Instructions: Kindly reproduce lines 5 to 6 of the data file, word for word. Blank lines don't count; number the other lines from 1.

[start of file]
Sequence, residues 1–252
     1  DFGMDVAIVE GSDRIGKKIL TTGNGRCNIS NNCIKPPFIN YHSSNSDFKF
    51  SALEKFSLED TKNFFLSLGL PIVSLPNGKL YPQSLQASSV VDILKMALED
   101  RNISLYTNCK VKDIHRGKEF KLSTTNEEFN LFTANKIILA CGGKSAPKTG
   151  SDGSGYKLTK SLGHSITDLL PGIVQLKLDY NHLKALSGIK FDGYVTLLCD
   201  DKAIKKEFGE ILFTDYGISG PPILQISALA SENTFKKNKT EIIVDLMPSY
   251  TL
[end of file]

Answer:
   151  SDGSGYKLTK SLGHSITDLL PGIVQLKLDY NHLKALSGIK FDGYVTLLCD
   201  DKAIKKEFGE ILFTDYGISG PPILQISALA SENTFKKNKT EIIVDLMPSY